The Costs Of AB 2504

It’s sad to think that any law enforcement organization would oppose training for law enforcement that would make the profession better for its own members as well as for what it provides to the public.  It’s even worse to think an organization of law enforcement executives would take such a stance, but the California Sheriff’s Association has done just that and said they oppose AB 2504 because of how much it costs.  Their position is misinformed and inaccurate.

The following are facts in response to those who claim the costs out weigh the worth.

  • AB 2504 addresses unlawful workplace harassment and discrimination. Millions of taxpayer dollars are spent every year settling litigation arising from incidents in the law enforcement workplace (UCLA Williams Institute).  As a result, law enforcement loses talented and experienced personnel.  Replacing these employees costs local agencies time and money.  AB 2504 will save tax payer money spent on all of these losses
  • AB 2504 does not duplicate existing law. Section 13519.4 PC addresses racial profiling.  The legislative intent of that section was to train law enforcement on how to avoid racial profiling.  The California POST curriculum focuses on the 4thand 14thAmendment and on race.  There is no mention of sexual orientation or gender identity.
  • The training required by this bill for entry-level recruits can be incorporated into the existing hours required for the basic law enforcement academy in learning domain 25 (domestic violence) and 42 (cultural diversity) requiring no additional expense for basic training providers.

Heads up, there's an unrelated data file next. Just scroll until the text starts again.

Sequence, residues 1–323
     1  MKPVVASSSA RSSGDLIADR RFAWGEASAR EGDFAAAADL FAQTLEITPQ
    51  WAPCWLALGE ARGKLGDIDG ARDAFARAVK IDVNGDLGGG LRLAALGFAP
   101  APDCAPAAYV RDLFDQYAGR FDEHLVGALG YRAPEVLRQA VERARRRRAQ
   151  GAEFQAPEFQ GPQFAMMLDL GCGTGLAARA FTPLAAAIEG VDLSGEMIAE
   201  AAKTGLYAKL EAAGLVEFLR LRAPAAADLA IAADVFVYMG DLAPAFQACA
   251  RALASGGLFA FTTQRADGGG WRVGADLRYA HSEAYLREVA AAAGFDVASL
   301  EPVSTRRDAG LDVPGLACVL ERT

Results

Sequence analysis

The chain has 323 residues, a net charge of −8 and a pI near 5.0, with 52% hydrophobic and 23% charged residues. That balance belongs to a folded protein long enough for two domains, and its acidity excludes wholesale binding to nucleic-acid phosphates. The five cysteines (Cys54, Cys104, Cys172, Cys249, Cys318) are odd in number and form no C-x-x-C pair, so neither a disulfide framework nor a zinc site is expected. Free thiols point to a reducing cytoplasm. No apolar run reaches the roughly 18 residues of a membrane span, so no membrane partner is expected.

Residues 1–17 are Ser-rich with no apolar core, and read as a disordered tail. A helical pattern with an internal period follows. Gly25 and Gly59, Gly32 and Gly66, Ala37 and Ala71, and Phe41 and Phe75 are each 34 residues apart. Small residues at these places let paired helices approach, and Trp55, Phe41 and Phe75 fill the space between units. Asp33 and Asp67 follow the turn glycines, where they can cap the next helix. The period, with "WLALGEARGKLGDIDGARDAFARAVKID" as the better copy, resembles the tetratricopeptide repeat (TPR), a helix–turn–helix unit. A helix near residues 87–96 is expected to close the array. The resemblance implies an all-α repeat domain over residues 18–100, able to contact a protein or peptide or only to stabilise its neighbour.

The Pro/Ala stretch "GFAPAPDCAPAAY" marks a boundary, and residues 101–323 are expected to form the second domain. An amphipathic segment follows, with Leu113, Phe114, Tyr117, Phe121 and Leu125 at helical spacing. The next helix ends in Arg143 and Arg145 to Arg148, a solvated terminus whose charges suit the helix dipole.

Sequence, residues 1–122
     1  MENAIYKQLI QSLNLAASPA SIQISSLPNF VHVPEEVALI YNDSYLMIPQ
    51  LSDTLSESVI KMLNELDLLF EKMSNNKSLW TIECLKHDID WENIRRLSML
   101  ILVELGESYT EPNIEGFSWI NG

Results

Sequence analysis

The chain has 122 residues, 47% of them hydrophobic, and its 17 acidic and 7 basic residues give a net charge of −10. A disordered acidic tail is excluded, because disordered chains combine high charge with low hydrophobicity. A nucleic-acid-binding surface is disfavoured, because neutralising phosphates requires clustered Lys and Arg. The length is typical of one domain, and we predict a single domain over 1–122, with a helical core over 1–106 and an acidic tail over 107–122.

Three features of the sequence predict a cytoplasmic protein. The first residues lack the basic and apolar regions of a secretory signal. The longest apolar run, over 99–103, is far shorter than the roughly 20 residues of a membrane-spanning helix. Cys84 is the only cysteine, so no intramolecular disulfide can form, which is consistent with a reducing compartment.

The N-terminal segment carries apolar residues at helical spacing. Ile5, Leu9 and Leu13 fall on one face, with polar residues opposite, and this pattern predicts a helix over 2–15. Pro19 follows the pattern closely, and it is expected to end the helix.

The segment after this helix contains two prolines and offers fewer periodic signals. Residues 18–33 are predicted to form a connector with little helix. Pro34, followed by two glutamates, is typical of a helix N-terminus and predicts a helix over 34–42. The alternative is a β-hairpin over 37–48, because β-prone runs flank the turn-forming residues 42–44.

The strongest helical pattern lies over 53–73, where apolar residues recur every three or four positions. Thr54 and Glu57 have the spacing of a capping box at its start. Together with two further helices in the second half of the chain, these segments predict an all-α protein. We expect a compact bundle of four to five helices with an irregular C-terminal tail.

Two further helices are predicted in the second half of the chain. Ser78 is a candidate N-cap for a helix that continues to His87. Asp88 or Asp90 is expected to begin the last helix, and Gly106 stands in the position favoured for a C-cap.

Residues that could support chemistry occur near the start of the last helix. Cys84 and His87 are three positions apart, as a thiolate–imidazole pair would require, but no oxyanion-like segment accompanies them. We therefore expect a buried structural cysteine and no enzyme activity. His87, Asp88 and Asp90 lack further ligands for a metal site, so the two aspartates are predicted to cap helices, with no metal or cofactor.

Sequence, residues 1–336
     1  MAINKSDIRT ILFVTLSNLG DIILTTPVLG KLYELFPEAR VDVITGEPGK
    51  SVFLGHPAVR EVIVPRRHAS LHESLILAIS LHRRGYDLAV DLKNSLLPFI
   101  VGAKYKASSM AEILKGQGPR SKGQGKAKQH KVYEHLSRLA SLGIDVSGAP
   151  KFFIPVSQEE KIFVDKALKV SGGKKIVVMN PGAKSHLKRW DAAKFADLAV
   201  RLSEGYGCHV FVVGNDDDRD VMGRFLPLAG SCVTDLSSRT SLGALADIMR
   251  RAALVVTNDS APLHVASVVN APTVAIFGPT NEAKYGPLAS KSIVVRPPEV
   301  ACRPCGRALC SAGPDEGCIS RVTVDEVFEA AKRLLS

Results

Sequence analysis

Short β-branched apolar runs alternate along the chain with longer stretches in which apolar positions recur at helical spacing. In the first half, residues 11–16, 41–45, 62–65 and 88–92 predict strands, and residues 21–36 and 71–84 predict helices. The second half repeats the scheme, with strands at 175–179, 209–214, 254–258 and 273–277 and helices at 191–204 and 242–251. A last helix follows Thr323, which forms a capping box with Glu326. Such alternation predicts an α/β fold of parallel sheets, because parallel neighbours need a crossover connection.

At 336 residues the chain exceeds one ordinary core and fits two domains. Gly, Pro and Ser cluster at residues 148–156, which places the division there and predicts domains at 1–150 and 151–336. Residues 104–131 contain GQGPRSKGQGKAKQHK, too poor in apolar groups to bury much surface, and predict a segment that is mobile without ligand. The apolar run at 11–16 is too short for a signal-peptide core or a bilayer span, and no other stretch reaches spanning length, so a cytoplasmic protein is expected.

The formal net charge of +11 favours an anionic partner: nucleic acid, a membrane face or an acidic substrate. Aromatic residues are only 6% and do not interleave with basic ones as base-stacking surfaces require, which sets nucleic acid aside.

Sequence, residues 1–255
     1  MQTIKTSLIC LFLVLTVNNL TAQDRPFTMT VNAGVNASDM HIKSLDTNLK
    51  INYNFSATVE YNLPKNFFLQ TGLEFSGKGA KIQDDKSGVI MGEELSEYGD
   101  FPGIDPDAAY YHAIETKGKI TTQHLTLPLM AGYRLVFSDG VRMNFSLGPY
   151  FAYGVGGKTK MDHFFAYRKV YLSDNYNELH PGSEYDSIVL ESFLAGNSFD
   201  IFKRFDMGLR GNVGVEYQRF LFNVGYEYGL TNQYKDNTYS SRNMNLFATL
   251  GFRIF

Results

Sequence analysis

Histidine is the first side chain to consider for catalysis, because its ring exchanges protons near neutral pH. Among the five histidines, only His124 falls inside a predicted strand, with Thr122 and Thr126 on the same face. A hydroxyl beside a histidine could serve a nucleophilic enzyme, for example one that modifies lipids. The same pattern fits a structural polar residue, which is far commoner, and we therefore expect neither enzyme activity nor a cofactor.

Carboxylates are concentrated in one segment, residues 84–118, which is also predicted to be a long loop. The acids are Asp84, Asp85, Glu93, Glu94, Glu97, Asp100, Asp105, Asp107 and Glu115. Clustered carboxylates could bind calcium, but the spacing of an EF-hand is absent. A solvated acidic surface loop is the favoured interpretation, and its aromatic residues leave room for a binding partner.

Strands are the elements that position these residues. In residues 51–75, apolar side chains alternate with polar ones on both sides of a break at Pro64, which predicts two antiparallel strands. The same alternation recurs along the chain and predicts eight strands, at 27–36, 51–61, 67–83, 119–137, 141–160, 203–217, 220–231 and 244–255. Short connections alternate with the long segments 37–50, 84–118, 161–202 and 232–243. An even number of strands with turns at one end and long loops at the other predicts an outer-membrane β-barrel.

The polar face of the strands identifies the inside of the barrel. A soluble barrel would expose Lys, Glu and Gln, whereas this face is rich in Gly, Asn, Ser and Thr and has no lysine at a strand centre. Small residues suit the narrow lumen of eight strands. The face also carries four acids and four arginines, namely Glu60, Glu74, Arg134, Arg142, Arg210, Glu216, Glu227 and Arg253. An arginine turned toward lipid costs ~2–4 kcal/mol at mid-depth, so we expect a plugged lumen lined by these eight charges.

• A training course for peace officers and dispatchers meeting the requirements of AB 2504 has already been developed and was certified by California POST on April 16, 2018.
  • An online training course for peace officers and dispatchers meeting the requirements of AB 2504 was developed in 2016 by Out to Protect, a California non-profit organization.This course is already being used by law enforcement agencies around the United States.  They will provide this course to California POST at no cost.
  • In-service peace officers and dispatchers could complete the above mentioned online training while on duty at no additional cost to the agency or California POST.
  • AB 2504 makes no requirements for a minimum or maximum length of the required training for in-service peace officers and dispatchers. Subject matter experts believe it can be delivered in a little as 2 hours.
  • California peace officers and dispatchers are already required to complete on-going in-service training. The topics required by AB 2504 can easily be incorporated into existing in-service training hours over the time period allowed by the Bill.  AB 2504 provides an opportunity to efficiently update California peace officers and dispatchers on laws related to domestic violence and hate crimes while meeting the requirements of this Bill.
  • Subject matter experts have identified and already committed to volunteering their time to work with California POST to implement AB 2504.
  • The California Community College system, as part of its mission, currently uses credit and non-credit apportionment to fund training for law enforcement in California. Funds exist to pay for classes to meet the requirements of AB 2504. AB 2504 actually benefits California Community Colleges.